Mari

Try use more veggies in the dishes, and use meat as condiment. It’d make the dishes healthier as well as cheaper. That’s how Japanese eats and deal with super expensive meat (and stay thin!)

Learn to cook with what you already have on hand, not from the exact recipe. Prep in bulk, save in easy to use form (in fridge or freezer) and use it through out the week. (ex. leeks!)

Make sure to store (esp when freezing) in easy to use portions. Also label everything with contents and dates.

cathie m

check out the dollar stores(the ones that are actually a dollar or less)–the Dollar Tree recently added refrigerated and frozen food

Ron

Great addition to the list! Thanks!

Michael

Thanks so much for the link to my yogurt making website. I’ve seen lots of your visitors come on over and check it out. Hopefully they are all becoming homemade yogurt makers themselves.

Great Stops - Miguel

The best part about the list is that you were able to keep it interesting and informative all the way to the end. Great Job with it all. My fav. suggestions are #45, which i did and worked out great, and #75. I know for a fact from when I worked in retail, that #75 is true.

Once again Great Job with the list. I’m passing it on to some of my friends.

FinanciallySmart

This list is very interesting. Never know that about Ramen. It is consumed on a regular basis here in Jamaica. Children love them and so it is very interesting to know about the nutrition benefits. #101 says it all good article.

abbygail

#64 is true not just because you save on fuel, but also the less trips thru the store the less likely all those “extras” will be calling to you to buy them. I’ve learned that was my big weakness when I switched from bi-weekly to weekly paychecks. Double the trips to the grocery store were increasing my spending big time till I caught on to my trend. Thank you for all the great tips!

Mimi

And use a pressure cooker – it saves a lot of energy, time and work. If you are frugal, you need a pressure cooker.

Veronica

The list is great! learned a few new things. There was only a problem with one thing on the list and it is a biggie:

“73.Shop the dented can store. Many towns have a salvage grocery store that sells dented cans of food or semi-crushed boxes of food for next to nothing. A slightly dented can of soup or a box of cereal with a damaged corner won’t hurt you.”

dented cans CAN hurt you. Eating food from dented cans put you at risk for Botulism. It is something we learned in our food safety course in culinary school.

Ron

So long as the integrity of the can or its seal hasn’t been compromised, you should be okay. Ask yourself this — where are all the cases of botulism from people shopping at the dented can stores? If it were so bad and widespread, you can rest assured that either the store would go out of business or that the government would step in and regulate it. So far, the FDA hasn’t. If the dent is in the top or bottom of the can, most experts agree that you shouldn’t eat the contents because the top and bottom of a can is where it is sealed and where it’s the weakest, but a slight dent on the side is rarely a problem.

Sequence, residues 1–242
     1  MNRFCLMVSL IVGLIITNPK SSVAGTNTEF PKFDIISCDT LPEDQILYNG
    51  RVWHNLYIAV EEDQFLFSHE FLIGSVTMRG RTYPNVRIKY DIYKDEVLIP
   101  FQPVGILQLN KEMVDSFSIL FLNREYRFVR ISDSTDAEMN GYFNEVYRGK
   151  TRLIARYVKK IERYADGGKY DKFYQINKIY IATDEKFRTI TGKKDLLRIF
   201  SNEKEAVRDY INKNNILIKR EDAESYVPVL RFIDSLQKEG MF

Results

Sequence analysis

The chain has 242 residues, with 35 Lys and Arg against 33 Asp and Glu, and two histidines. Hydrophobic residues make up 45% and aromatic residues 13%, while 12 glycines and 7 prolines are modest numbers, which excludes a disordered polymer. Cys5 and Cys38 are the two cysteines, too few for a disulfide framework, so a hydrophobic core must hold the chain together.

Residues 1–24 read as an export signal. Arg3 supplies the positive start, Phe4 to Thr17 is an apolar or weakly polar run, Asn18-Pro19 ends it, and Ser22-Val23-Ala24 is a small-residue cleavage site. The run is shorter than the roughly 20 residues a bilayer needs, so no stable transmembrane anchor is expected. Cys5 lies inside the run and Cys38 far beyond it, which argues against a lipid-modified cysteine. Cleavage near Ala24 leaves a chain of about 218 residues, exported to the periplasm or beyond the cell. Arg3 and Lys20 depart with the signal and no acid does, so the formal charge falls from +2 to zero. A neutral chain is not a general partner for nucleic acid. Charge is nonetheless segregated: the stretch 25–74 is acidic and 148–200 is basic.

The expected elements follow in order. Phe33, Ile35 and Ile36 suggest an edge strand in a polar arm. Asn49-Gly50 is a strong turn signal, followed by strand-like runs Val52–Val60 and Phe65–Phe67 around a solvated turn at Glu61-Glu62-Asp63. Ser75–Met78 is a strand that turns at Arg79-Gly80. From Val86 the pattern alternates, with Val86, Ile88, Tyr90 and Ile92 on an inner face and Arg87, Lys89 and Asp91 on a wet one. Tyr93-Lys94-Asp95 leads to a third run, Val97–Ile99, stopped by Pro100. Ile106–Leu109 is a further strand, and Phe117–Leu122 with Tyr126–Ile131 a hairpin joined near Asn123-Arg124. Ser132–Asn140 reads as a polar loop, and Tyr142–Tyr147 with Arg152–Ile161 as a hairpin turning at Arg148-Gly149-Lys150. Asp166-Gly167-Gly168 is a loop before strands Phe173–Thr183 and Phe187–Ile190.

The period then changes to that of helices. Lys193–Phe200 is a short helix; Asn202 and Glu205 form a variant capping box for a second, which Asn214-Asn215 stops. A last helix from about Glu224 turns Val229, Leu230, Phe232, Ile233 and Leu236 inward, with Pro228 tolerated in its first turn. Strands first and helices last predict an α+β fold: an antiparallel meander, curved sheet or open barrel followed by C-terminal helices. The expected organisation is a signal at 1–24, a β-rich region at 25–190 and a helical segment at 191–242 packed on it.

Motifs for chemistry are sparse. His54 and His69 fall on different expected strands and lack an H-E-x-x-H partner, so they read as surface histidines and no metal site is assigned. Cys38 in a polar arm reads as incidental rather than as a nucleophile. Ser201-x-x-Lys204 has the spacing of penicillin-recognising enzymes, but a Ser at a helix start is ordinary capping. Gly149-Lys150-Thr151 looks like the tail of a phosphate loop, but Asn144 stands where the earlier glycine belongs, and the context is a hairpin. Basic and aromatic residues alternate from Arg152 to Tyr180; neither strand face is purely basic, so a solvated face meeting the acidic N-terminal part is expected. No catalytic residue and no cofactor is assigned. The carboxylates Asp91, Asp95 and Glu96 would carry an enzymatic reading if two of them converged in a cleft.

According to 2008 data from the CDC, the most common food-borne illnesses ranked as follows:

1. Salmonella: 7,444 cases (foods typically affected include raw or contaminated meat, poultry, milk or egg yolks)
2. Campylobacter: 5,825 cases (meat and poultry)
3. Shigella: 3,029 cases (raw, ready-to-eat produce)
4. Cryptosporidium: 1,036 cases (water, fruit and salad vegetables)
5. E. coli 0157: 718 cases (beef contaminated during slaughter. Spread mainly by undercooked ground beef)
6. Yersinia: 164 cases (raw or undercooked pork products)
7. Listeria: 135 cases (Hot dogs, luncheon meats, unpasteurized milk and cheeses, and unwashed raw produce)
8. Vibrio: 131 cases (oysters and other shellfish)
9. Cyclospora: 17 cases (imported fresh produce)

I’m sure dented cans are in there somewhere, but with number 9 having only 17 cases, if dented cans were a huge problem, I’d expect them to have many more cases.

What do you think? Do you have sources to the contrary?

Veronica

You have a point. I had no idea there were stores specifically for dented cans. I have never heard of one around the Jersey Shore. I was going by what I learned in my food safety course in culinary school and they said never eat anything in dented cans.

Thanks for teaching me something new!

Emily

Wonderful list! With grocery prices going up up up, this is exactly what I needed today!